Artists rendering of monkeypox on a torso.

A member of the Poxviridae family, monkeypox is closely related to the variola virus that causes smallpox; however, monkeypox causes milder symptoms and is rarely fatal (3). The genetic variant of the virus that is causing the recent outbreaks has a fatality rate of <4% (4). In contrast, smallpox fatality rate was close to 30% (4). Symptoms can include fever, headache, muscle and back pain, swollen lymph nodes, chills and exhaustion (2). The most distinguishing symptom is the blister-like rash.

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PD-1 Blockade Treatment shows 100% Tumor Resolution in Mismatch Repair Deficient Rectal Cancer Patients

Rectal cancer cases are rising in young adults (1). Typically, these cancers are treated with a multipronged approach that includes chemotherapy, radiation and surgery. These treatments show complete response in approximately 25% of patients and come with a long list of toxic side effects and life-altering complications including negative effects on bladder and bowel function, sexual health and fertility issues (2). 

artistic image of cancer cell and immunotherapeutic agents such as PD-1 blockade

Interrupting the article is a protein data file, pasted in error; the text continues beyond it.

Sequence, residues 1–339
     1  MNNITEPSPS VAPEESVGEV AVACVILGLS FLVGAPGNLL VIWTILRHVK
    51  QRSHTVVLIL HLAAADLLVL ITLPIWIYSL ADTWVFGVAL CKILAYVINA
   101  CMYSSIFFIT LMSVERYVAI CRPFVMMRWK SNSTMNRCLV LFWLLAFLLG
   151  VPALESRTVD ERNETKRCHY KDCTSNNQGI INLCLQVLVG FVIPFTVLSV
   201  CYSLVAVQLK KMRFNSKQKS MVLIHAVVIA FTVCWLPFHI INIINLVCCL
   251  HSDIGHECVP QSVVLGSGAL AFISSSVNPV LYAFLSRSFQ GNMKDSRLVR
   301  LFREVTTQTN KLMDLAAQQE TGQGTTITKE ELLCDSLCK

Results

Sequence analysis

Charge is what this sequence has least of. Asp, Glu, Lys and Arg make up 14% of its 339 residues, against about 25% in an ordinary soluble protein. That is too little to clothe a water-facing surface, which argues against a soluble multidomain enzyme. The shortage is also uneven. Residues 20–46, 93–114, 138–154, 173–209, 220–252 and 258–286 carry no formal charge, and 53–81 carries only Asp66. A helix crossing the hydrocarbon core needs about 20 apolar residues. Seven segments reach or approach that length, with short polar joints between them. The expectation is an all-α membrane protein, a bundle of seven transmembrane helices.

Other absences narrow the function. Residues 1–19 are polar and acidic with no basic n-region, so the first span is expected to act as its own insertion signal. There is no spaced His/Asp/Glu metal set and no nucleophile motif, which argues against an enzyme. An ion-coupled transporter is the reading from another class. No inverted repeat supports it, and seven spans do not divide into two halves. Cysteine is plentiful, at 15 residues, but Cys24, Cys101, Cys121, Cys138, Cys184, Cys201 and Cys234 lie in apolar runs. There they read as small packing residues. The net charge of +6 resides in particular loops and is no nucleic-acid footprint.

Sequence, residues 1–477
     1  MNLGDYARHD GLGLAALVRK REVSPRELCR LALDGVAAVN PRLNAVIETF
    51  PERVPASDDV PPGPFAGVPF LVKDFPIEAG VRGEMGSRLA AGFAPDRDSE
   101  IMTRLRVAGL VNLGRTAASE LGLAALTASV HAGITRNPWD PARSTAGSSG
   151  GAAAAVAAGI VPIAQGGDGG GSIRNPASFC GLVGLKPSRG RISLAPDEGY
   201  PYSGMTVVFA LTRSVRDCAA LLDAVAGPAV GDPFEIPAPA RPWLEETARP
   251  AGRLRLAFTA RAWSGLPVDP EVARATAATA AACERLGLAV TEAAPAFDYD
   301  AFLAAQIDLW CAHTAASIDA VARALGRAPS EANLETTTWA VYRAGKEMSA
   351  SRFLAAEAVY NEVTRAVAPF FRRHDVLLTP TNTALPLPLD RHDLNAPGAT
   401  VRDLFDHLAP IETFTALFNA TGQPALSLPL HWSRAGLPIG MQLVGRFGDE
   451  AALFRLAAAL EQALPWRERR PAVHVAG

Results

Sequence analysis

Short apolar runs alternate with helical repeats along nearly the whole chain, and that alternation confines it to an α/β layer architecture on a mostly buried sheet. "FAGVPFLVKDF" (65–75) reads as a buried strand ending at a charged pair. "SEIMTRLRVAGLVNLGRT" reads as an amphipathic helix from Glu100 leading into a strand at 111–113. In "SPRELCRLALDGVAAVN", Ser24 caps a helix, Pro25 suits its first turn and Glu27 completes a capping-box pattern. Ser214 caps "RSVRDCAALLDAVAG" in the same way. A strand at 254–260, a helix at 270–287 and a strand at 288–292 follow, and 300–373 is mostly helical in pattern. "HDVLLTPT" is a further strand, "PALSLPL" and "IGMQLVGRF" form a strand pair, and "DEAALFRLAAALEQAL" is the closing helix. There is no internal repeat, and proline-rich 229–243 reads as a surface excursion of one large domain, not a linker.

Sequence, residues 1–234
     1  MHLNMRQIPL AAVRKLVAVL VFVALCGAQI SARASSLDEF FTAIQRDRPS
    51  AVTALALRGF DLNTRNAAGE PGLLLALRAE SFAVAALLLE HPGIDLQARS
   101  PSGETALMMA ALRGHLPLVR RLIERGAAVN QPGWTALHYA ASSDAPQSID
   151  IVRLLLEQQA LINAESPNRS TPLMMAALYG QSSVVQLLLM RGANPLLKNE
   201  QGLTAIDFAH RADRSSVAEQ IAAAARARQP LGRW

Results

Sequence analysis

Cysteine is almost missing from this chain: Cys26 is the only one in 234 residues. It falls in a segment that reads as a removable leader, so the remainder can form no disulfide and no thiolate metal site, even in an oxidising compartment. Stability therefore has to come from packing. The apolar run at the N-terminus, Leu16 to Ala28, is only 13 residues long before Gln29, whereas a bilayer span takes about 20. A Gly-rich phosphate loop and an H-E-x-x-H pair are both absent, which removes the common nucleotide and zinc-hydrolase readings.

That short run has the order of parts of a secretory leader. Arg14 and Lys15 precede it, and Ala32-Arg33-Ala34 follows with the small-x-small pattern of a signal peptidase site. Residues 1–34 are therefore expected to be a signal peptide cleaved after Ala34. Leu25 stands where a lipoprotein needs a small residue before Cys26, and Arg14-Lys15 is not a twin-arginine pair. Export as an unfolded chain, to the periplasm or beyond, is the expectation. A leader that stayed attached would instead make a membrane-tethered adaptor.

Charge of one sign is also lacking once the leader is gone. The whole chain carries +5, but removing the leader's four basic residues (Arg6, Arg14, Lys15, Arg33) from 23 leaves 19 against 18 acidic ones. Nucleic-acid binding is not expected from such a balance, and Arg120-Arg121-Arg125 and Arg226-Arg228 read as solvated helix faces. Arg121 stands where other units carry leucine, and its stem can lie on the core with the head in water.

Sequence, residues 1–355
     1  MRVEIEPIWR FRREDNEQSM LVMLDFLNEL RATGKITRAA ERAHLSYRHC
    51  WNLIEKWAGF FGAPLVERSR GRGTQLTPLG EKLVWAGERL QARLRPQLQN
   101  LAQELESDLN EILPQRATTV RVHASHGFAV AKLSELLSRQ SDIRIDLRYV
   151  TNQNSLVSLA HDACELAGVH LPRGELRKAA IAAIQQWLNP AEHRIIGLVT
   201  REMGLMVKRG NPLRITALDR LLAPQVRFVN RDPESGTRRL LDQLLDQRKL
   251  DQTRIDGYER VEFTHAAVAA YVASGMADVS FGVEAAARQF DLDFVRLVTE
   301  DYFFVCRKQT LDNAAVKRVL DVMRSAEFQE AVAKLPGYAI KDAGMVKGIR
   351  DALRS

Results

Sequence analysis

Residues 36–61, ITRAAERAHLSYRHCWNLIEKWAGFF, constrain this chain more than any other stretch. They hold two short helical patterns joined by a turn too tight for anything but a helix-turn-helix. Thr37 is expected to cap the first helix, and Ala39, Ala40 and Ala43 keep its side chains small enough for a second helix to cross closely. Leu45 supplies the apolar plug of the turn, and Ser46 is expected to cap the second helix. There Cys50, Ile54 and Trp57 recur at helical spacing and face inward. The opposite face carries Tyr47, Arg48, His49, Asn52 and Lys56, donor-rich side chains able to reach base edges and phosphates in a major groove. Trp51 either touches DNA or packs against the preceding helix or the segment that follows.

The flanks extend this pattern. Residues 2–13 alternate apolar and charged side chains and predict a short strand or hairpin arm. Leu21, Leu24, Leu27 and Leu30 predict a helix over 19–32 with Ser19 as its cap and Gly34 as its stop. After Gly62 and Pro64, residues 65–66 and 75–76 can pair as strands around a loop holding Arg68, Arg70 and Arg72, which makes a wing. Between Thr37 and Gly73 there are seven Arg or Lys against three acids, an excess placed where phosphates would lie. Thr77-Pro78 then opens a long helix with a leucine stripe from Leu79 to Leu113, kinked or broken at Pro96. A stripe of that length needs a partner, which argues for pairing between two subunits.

Approximately 5–10% of rectal cancers have deficiencies in their mismatch repair mechanisms (dMMR), and these cancers tend to be less responsive to standard chemotherapy treatments (2). Tumors are identified as dMMR using either immunohistochemistry (IHC) to detect the presence or absence of the major mismatch repair proteins, or by molecular testing for high-frequency microsatellite instability (MSI-H), the functional evidence of dMMR . These tumors often have somatic mutations that produce “foreign” proteins that can be detected by the immune system. As a result, these tumors are effective at priming an immune response and tend to respond well to immune checkpoint therapies such as PD-1 blockade treatments. Immune checkpoint blockade, or immune checkpoint inhibitor, therapies are a revolutionary, and relatively new, approach to treating cancer. Some tumors express immune checkpoints to prevent the immune system from producing a strong enough immune response to kill the cancer cells. Immune checkpoint blockade therapies work by blocking immune checkpoint proteins that act to negatively regulate the immune system through the PD-1 pathway. When these checkpoint proteins are blocked, the body’s T-cells can recognize and kill the cancer cells.